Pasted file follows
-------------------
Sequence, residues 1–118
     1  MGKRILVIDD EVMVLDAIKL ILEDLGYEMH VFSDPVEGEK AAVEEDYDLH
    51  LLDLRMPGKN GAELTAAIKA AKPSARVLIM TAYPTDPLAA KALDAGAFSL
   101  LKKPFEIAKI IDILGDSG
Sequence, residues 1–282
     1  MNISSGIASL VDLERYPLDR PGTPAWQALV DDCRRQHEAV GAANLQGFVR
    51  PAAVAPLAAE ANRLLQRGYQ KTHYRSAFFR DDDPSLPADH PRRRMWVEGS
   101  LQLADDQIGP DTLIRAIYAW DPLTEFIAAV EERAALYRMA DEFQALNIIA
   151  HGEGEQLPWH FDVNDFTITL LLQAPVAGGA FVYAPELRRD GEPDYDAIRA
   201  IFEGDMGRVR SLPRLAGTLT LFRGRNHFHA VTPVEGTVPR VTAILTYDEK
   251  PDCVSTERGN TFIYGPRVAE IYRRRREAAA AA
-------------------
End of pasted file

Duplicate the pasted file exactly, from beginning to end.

Sequence, residues 1–118
     1  MGKRILVIDD EVMVLDAIKL ILEDLGYEMH VFSDPVEGEK AAVEEDYDLH
    51  LLDLRMPGKN GAELTAAIKA AKPSARVLIM TAYPTDPLAA KALDAGAFSL
   101  LKKPFEIAKI IDILGDSG
Sequence, residues 1–282
     1  MNISSGIASL VDLERYPLDR PGTPAWQALV DDCRRQHEAV GAANLQGFVR
    51  PAAVAPLAAE ANRLLQRGYQ KTHYRSAFFR DDDPSLPADH PRRRMWVEGS
   101  LQLADDQIGP DTLIRAIYAW DPLTEFIAAV EERAALYRMA DEFQALNIIA
   151  HGEGEQLPWH FDVNDFTITL LLQAPVAGGA FVYAPELRRD GEPDYDAIRA
   201  IFEGDMGRVR SLPRLAGTLT LFRGRNHFHA VTPVEGTVPR VTAILTYDEK
   251  PDCVSTERGN TFIYGPRVAE IYRRRREAAA AA